cbethenc's blog View Details
Posted by cbethenc | Jun 03, 2018 @ 12:12 PM | 4,066 Views
So, here I am again with a predicament I'm pretty sure everybody has had one time or another... A friend went on an Ebay RC shopping spree and came up with a bunch of airplanes riding back home in his truck. He called me up and told me he was on his way and wanted me to check out his new stash. When he dropped by my place, he had a bunch of planes and he decided that the Big Stick wasn't going to stay in his truck, so after a few minutes of back and forth, considering I have very limited space to store my planes, I accepted to keep the Big Stick. How nice of him to offer a newly acquired plane I thought was the entire reason for his trip. Anyways, after a brainstorming session of what to do with the BS, we came with the idea of transforming her into a sort of mother-ship for the slope soarers we own. So, this project became a reality. With a little time and a computer at hand, I decided to design an assembly to fit on the top of the Big Stick wing and be able to carry our slope soarers aloft so we could fly them at any place here in Florida. I know!!! you are wondering right now WHO on his right mind would have slope planes here in Florida?, but to be honest, I've had them for years before moving to south Florida and I wasn't ready to leave them behind either... The assembly came out really nice. It was designed in around 4 hours of playing with the computer and the best part was to use a cousin's newly acquired laser cutter to do the dirty work for me... The test...Continue Reading
Posted by cbethenc | Oct 30, 2017 @ 01:27 PM | 4,765 Views
I wanted to bring back a classic from the 80's with a 21st century twist, so i decided to throw in a little curve on a really good old airplane from the good ole days and scratch build something that would be quite manageable in size and provide good fun for when the slopes are cooperating with wind. So, here i was trying to decide whether a Coyote or an SR7 would be occupying my working table for a couple of months and I finally came to the conclusion that for the first time in a long time, I was going to be working in a scratch-built coyote. After a few days considering which airfoils, overall size, proportions, wing loadings would be good for the plane, I decided it would be a great idea to produce a smaller version of the venerable Coyote... So, here i was starting to work on a plane that would bring back my old memories from my early days into slope soaring and came up with a 46 inch wingspan that brings the plane to a 64% scale from the original. It's got a v-tail also (this is the 21st century twist)

Anyways, It came up really nice. E205 airfoil, V-tail, 2 sq. feet wing area, 32 oz flying weight which brings the wing loading to a whooping 16 oz./sq ft.... Yeah... I know... it looks pretty heavy for the size of the plane but the E205 loves to fly loaded up... I could have used the S3021 but my previous experience with the Eppler gave me an inclination towards using it on the Mini Coyote Vee. Love the performance on the little plane. Super stable, loves to fly...Continue Reading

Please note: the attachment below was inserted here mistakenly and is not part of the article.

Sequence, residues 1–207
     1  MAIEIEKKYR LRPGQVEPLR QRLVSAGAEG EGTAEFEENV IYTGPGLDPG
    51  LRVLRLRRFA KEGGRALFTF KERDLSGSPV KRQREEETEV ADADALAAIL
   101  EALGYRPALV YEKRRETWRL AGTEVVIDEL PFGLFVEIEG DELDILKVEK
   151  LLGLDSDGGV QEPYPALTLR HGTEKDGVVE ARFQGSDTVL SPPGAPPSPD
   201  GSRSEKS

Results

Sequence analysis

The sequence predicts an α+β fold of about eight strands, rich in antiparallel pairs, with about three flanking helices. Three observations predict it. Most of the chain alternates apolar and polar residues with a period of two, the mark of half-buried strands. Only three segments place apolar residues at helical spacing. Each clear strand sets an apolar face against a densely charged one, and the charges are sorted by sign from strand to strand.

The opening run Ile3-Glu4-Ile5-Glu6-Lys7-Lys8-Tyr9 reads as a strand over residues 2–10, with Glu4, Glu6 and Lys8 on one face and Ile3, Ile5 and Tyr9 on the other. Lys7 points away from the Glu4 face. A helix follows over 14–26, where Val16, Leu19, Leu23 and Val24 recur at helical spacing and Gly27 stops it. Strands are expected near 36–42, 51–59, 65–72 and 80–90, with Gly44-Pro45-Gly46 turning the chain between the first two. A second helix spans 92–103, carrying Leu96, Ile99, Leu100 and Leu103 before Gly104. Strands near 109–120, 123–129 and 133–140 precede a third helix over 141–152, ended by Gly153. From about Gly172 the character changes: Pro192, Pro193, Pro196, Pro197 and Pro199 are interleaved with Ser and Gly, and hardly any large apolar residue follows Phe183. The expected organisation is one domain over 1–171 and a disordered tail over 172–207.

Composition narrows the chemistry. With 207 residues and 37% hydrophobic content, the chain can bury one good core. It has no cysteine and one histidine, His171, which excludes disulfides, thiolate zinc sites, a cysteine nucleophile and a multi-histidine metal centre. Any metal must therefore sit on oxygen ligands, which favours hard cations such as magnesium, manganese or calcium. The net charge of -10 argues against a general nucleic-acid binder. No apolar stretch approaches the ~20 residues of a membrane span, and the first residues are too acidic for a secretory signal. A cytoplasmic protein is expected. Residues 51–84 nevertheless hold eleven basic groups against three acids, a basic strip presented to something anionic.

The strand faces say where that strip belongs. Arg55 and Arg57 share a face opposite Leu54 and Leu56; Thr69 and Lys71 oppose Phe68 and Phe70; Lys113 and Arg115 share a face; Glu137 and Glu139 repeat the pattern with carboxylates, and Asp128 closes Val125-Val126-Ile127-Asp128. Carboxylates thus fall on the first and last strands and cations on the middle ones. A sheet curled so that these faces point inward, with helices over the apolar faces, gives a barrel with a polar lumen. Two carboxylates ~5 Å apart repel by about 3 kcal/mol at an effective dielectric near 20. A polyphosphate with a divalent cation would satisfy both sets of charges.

Posted by cbethenc | May 02, 2016 @ 08:45 PM | 5,433 Views
Last December I decided it was time for my 30 year old Bird of Time to come down from the shelf and meet the air once again . Hmmm! what a surprise for me after having her stored for nearly 7 years in my shop.
Somehow, the fuse was plagued with what it seemed termite damage. Before peeling the fuse down I figured it had a weird noise of its own resembling one of those "Rain Sticks" (sold at those touristy novelty stores), in a lesser extent but apparent when I handled it to inspect after coming down from the shelf. My surprise after being in denial for a few moments, ...it felt like crackers, I pressed a little hard and the monokote gave way. The wings however, where in perfect shape and form. No damage whatsoever.

Anyhow, after mourning the loss of a great half plane I decided it was time for the BOT to have a new fuselage. Trying to decide whether to buy a part from Tower Hobbies and get it done with right away or scratch build the fuselage, the latter idea won and I started the project.

It was done in a two week time frame, not working everyday but I gave her a good deal of attention for what the plane had meant for me for so long.

The initial idea was to rebuild the fuse and get it flying as soon as plausible, but after seeing how the fuselage came out I couldn't stand the look of the wings. Good thing I decided to overhaul them too. I found a few cracked ribs and both trailing edges on the outer dihedral panels were very soft and brittle, so,...Continue Reading